Shortly after the introduction of the Tuesday evening society, PANN also started an ‘integrated’ social evening with the aim of bringing together people of all kinds of sexual preferences and backgrounds. This was followed by the low-threshold PANN parties, the first of which took place in the Kargadoor (December 1969). From 1971 they were organized monthly, including in Tivoli, SSR, Unitas, Veritas, Rasa and Chez Bébé. Its popularity was visible in the long queues at the door. Popular artists such as Herman Brood and Mathilde Santing provided unforgettable evenings.


PANN changes

In the 1980s Pann changed. She stopped radical actions and became a relevant interlocutor for the public, politicians and interest groups. The curtain fell for the café, partly as a result of the cutbacks in the national scholarship scheme. The monthly PANN parties continued. And with that, the core of PANN remained intact: an accessible meeting place for young people. Petra Luiken, active from 2006 to 2014, put it this way in an interview:

“PANN was my salvation. After I discovered during a trip through Australia that I liked women, I came back to Utrecht. PANN was the only place where I could be myself and meet people who appreciated me for who I was. I have developed close friendships.”


Breeding ground

PANN became (and still is) a gateway for LGBTI+ youth to the rainbow community. “At the parties you met your real friends.”

PANN grew fast. In 2006, she welcomed 7,000 visitors to its activities. In 2013 there were 35,000. It also provided Pann with a constant stream of motivated volunteers. In this way, she became a breeding ground for volunteers who are committed to LGBTI + emancipation.


Pink Saturday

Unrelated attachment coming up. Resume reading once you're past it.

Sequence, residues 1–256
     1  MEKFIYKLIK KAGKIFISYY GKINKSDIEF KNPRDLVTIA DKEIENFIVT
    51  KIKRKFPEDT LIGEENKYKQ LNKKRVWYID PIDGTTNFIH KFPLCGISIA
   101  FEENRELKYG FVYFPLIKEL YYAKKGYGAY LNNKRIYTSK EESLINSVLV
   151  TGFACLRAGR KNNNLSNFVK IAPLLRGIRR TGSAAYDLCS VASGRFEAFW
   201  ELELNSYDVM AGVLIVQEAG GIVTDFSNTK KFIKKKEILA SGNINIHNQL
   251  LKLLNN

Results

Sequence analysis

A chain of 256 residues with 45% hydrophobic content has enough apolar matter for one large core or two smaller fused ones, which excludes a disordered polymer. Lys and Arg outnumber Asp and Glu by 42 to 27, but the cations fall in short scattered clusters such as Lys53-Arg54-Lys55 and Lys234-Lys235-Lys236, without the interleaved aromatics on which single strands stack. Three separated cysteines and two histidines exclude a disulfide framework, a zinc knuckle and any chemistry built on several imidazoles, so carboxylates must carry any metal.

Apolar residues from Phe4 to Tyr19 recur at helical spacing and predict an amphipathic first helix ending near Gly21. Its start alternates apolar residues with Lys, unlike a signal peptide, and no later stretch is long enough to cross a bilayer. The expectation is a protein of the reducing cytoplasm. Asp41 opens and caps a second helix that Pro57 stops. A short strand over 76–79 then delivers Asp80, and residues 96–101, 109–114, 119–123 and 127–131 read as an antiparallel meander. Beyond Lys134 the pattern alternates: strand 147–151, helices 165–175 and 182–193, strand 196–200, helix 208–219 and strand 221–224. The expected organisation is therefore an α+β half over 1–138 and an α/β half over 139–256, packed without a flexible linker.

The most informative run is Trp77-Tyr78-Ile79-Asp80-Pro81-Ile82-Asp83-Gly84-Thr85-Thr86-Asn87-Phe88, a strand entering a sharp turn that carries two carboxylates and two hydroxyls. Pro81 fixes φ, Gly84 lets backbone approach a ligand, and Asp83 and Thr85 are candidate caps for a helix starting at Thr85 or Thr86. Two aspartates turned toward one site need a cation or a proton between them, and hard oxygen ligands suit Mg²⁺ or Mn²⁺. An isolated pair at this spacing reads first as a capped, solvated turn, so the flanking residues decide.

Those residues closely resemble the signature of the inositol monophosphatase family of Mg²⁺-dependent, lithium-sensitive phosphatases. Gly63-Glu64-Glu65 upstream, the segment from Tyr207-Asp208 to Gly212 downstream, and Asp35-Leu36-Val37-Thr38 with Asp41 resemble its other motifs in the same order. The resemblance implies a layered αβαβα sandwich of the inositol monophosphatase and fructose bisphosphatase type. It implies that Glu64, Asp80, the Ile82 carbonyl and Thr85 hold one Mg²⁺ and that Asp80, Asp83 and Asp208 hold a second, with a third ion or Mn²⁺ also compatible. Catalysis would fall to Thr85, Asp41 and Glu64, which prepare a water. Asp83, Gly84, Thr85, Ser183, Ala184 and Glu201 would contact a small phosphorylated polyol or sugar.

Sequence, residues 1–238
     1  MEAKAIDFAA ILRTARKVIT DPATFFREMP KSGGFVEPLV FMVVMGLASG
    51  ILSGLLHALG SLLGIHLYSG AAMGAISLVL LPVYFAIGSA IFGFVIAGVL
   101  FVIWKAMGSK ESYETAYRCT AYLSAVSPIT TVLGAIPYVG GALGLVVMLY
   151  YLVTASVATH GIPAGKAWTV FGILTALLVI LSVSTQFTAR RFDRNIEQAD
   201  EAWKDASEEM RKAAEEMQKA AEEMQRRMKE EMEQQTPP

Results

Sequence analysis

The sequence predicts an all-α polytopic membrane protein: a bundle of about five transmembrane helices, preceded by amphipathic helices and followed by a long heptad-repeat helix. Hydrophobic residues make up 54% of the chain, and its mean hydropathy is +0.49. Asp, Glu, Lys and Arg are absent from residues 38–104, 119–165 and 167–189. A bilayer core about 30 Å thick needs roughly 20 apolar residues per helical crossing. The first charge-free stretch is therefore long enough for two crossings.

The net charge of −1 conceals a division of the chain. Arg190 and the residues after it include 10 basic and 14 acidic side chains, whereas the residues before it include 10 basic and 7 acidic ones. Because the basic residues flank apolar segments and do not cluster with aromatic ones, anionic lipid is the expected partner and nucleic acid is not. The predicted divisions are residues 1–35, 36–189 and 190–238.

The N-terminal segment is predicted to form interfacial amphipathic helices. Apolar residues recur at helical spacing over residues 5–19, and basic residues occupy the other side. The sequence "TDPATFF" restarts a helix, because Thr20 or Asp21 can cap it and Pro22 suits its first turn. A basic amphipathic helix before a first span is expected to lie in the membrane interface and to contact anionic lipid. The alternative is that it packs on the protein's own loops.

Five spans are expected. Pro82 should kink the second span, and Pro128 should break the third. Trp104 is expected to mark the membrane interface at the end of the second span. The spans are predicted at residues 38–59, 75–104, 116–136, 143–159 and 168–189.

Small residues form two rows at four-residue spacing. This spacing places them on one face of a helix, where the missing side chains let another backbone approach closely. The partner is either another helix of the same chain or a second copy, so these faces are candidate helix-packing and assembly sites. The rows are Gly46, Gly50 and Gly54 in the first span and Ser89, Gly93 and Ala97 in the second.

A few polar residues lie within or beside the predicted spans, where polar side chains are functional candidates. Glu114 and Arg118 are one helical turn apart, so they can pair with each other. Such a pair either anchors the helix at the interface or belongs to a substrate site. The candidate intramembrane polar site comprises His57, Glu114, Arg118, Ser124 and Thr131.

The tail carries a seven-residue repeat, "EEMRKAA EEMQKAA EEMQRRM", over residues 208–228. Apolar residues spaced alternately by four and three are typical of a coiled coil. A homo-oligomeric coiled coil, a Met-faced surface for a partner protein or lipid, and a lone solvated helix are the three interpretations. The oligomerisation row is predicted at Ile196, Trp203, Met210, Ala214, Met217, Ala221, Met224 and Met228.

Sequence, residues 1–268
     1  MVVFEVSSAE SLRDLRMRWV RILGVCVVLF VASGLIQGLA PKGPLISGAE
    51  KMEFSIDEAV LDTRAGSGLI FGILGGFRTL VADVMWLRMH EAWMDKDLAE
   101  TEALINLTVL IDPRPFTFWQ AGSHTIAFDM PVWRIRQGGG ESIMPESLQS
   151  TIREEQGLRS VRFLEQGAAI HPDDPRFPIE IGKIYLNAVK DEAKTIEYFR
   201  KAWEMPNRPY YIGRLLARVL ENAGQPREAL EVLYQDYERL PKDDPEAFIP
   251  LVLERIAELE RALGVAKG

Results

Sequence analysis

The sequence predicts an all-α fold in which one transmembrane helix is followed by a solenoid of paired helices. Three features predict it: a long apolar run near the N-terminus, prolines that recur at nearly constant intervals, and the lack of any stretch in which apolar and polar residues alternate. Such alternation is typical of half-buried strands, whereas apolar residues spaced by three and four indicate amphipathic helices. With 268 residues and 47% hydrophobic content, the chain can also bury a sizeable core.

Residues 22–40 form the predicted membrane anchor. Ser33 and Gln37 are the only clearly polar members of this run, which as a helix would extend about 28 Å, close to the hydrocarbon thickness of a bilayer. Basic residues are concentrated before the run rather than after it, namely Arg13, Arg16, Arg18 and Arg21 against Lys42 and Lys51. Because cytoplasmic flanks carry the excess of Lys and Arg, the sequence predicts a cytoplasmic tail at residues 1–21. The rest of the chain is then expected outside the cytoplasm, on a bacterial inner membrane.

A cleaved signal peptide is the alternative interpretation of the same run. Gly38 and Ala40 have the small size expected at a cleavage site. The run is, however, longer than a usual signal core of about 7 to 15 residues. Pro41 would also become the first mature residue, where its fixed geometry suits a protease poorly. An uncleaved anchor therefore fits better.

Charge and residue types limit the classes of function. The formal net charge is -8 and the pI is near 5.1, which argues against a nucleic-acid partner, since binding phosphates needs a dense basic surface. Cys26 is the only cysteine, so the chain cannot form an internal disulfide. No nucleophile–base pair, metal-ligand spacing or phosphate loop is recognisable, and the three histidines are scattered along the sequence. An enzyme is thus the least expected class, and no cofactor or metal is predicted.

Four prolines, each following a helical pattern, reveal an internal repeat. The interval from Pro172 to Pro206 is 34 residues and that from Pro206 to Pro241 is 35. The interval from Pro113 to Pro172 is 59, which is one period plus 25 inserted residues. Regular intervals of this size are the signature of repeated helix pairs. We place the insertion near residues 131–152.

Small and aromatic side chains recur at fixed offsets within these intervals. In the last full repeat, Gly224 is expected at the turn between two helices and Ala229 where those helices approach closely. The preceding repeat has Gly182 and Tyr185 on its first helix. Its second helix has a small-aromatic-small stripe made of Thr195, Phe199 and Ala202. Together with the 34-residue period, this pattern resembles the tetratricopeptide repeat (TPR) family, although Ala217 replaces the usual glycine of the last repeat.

With a historically high number of active volunteers and the successful parties, PANN took on a new challenge in 2013: organizing the national pride: Pink Saturday. She wanted to organize a modern event that made the rainbow community visible in a cheerful way and appealed to young people. PANN submitted a winning bid book to the Pink Saturday Netherlands foundation. The RZ2013 foundation was established for the organization with PANN volunteers as a base. This third Pink Saturday in Utrecht on 29 June 2013 attracted more than 55,000 visitors, making it the most visited RZ edition to date (see window 1986 Pink Saturday).


Charity fund

PANN was – to quote Simon Timmerman (active from 2008 to 2016) – “good with money”. She did not received subsidy from government or charity. On the contrary, she spent the surplus on charities in the LGBTI+ community. There was also a lot of room to experiment with new concepts, such as PANN on Tour (nowadays PANN Glitch), successful series of parties in the country; PANN 25+ for people over 25 years of age; but also a hilarious world record attempt for pink cake bites with local VIP Marijke Helwegen.

The foundation became more and more professional and stable. She also organized increasingly larger events such as the PANN parties at various locations in the Utrecht city centre and the PANNdora parties in Central Studios (and still does).


PANN from 2015

In 2015 Tivoli Oudegracht closed its doors, for many years the home base for PANNs Saturday night parties. With TivoliVredenburg as a new base, she settled in the Ronda room of the brand new Utrecht music palace. In September of that year, she started a new chapter with a sold-out edition. The parties still attract about 1000 visitors every month. PANN has also been organizing an annual outdoor festival in Utrecht and various other activities in and outside Utrecht for many years – in addition to the monthly party in TivoliVredenburg.



PANN received the Bob Angelo award from the national COC in 2009 and was also nominated that year for the Jos Brink award, the national rainbow prize. In 2011 she received the Annie Brouwer-Korf award, the Utrecht rainbow prize. PANN also won five times the public award as best Dutch gay party from for the years 2007 to 2011 and once from profile site in 2011.



Evert van der Veen and Kees van den Berg



Eriq Terra en Caroline Linssen Pann, een verhaal apart : 12 jaar jongeren-(homo)sexualiteit-relaties-integratie. Utrecht: Drukkerij Anraad, 1981

Adrianne Dercksen Meer dan een feest. 25 jaar PANN in Utrecht, Utrecht: PANN, 1994

IHLIA: Stichting PANN:

IHLIA: eerste Nederlandse homodemonstratie:

Interview with Petra Luiken amd Simon Timmerman, June 14th, 2023.




External links


Website PANN:

PANN YouTube-channel: